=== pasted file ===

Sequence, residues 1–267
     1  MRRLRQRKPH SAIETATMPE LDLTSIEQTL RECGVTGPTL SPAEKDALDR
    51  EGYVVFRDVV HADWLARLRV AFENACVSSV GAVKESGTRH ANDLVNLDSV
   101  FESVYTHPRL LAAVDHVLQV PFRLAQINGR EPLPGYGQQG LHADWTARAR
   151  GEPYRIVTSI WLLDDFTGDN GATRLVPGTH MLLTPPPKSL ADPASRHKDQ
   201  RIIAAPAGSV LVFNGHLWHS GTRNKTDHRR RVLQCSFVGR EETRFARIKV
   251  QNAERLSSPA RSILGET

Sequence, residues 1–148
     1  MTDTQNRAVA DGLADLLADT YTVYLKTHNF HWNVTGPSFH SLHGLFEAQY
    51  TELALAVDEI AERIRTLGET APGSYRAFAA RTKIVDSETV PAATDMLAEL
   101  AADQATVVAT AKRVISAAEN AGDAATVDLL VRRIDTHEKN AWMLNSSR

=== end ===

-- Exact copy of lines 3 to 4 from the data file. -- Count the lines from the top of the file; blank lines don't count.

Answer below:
    51  EGYVVFRDVV HADWLARLRV AFENACVSSV GAVKESGTRH ANDLVNLDSV
   101  FESVYTHPRL LAAVDHVLQV PFRLAQINGR EPLPGYGQQG LHADWTARAR